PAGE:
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A Matter of Fact

1996 study of juvenile homicide arrests (National Center on Institutions and Alternatives, and the Center on Juvenile and Criminal Justice) revealed that six states: Florida, Michigan, Illinois, New York, Texas, and California accounted for 56 percent of juvenile homicide arrests in 1993. The report also cited four cities -- Los Angeles, New York, Chicago, and Detroit -- as accounting for one in three such arrests in 1993.

FBI statistics reflect a 20 percent decrease in arrest rates between 1993 and 1995 of 10-17 year-olds for murder.

The number of juveniles tried as adults in Ohio has risen 70 percent since a 1995 state law passed allowing teens as young as 14 to be tried as adults.

Bill McCollum (R-Fla.), sponsor of a federal "Get Tough on Juveniles" bill, referred to violent juvenile offenders as "the most vile human beings on the face of the continent .... they are truly vicious predators." McCollum also stated that juveniles "should be thrown in jail, the key should be thrown away and there should be very little or no effort to rehabilitate them." His bill breezed through the House.

As of September 1996, the California Youth Authority's 11 institutions and four camps -- designed to hold 6,722 operated at 145 percent capacity with a population of 9,722.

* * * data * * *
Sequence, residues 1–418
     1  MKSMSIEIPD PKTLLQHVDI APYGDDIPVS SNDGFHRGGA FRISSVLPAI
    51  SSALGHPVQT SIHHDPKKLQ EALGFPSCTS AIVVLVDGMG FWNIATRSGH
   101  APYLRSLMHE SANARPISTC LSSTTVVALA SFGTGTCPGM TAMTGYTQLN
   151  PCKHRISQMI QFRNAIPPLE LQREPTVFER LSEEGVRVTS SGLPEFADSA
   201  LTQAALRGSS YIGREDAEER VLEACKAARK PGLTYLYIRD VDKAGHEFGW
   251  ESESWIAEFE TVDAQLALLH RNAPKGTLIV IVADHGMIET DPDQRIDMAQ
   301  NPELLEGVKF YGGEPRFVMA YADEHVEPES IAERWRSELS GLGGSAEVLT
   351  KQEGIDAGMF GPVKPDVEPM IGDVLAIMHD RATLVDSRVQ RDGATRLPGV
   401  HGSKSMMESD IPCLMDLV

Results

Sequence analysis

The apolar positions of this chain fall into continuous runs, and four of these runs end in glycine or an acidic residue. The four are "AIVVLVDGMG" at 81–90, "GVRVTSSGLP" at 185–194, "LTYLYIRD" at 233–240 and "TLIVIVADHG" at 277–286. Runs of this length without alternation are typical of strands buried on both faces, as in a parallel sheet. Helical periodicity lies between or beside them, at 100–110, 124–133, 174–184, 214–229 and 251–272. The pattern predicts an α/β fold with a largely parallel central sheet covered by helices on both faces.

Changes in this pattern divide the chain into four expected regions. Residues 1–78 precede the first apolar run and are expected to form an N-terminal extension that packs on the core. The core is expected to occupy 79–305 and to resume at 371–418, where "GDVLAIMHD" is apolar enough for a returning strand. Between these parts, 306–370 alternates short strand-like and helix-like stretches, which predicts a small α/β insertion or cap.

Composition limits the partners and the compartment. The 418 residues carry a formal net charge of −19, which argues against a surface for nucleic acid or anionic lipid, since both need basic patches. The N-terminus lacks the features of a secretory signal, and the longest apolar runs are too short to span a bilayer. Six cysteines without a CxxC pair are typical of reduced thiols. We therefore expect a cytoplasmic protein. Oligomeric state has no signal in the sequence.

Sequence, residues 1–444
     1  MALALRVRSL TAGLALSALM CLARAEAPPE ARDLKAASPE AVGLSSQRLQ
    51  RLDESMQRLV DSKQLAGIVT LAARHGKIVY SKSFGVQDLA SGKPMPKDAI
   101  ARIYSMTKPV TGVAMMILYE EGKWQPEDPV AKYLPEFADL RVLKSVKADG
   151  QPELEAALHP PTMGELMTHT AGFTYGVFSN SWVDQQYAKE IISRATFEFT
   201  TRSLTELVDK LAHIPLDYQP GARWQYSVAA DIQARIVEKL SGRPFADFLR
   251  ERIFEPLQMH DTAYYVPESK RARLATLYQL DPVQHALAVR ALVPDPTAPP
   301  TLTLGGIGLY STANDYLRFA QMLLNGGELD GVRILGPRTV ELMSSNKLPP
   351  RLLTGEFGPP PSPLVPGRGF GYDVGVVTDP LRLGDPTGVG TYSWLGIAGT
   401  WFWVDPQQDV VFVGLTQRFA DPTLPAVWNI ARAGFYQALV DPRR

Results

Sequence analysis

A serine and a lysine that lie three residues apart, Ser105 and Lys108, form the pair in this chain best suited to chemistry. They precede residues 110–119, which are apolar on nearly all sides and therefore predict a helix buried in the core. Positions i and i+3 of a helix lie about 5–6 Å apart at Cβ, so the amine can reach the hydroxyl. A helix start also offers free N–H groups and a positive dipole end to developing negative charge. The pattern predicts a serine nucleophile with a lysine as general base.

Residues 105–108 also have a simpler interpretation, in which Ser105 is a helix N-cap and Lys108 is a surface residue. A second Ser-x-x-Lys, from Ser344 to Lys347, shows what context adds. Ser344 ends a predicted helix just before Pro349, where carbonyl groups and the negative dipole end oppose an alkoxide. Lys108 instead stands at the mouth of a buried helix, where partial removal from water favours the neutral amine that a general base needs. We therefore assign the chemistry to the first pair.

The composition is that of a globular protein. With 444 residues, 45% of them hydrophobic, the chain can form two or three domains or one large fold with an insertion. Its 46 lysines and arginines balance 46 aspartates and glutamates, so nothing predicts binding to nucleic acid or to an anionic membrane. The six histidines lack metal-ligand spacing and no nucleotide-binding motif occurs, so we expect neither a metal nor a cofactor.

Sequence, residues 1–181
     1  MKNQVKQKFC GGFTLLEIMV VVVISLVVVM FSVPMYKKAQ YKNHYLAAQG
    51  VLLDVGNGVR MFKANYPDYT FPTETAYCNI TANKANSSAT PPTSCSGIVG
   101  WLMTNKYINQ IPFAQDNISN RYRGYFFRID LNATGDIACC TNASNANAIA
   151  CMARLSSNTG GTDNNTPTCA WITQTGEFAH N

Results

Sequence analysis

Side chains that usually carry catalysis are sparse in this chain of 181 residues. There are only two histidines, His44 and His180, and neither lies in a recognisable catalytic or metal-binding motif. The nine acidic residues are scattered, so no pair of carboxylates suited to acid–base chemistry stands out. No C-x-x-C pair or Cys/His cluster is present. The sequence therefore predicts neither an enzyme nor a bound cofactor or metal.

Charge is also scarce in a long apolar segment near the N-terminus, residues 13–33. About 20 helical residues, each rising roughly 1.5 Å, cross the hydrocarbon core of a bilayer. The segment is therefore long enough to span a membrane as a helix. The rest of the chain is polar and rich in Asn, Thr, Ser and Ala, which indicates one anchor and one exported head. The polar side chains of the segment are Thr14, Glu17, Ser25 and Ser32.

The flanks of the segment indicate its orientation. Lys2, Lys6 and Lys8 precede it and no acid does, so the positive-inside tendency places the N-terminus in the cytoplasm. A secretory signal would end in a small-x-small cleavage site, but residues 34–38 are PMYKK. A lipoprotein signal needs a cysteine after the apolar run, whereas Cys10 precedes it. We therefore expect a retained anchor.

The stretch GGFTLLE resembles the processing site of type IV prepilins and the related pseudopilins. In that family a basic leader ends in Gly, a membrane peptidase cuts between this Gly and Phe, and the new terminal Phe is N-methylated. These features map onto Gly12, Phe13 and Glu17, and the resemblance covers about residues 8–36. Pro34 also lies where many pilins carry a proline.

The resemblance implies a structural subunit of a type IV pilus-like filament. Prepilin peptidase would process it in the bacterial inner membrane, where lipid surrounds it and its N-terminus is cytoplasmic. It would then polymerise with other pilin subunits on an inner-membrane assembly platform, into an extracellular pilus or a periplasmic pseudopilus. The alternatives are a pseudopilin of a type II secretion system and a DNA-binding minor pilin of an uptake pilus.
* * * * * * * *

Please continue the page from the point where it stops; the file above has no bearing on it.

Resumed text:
A 1997 poll commissioned by the California Wellness Foundation found that 82 percent of the 1,700 registered California voters surveyed said the state's priority in dealing with youth violence should be creating prevention programs and not building prisons.

In 1996, California spent $2.2 billion on juvenile justice and $116 million on youth crime prevention programs.

Ohio spends three times as much to house, guard, and feed one prisoner as it does to educate one grade school student. It costs $15,867 per prisoner per year, compared to the $4,365 state average spent annually per grade school student.

In 1996, Massachusetts spent more than $1.2 billion on criminal justice, more than 3.5 times the combined state spending for elderly services, housing assistance, and child care.

In the five years from 1986 - 1990, the city of Los Angeles paid out more than $20 million for police excessive force civil suits, averaging more than $1,300 per officer in 1990.

The city of New York paid out more than $30 million for "police misconduct" civil suits for the six years 1987 - 1992.

Nearly one-quarter of applicants for entry-level law enforcement jobs lack the basic reading, writing, or math skills they need to perform routine police duties, according to a 1997 study by Standard & Associates, a Chicago firm that administers the National Police Officer Selection Test. More than 1,000 law enforcement agencies nationwide use the test as their mandatory entry-level examination.

An article in the Law Enforcement News about the Dallas police force asking "private security forces" to act as its eyes and ears, reports that the city employs 2,800 police officers. Those are outnumbered more than five-fold by the 15,000 private security guards employed in the city.

The Federal Trade Commission says that "unscrupulous telemarketers posing as phony law enforcement charities" bilk unsuspecting donors out of an estimated $700 million annually.

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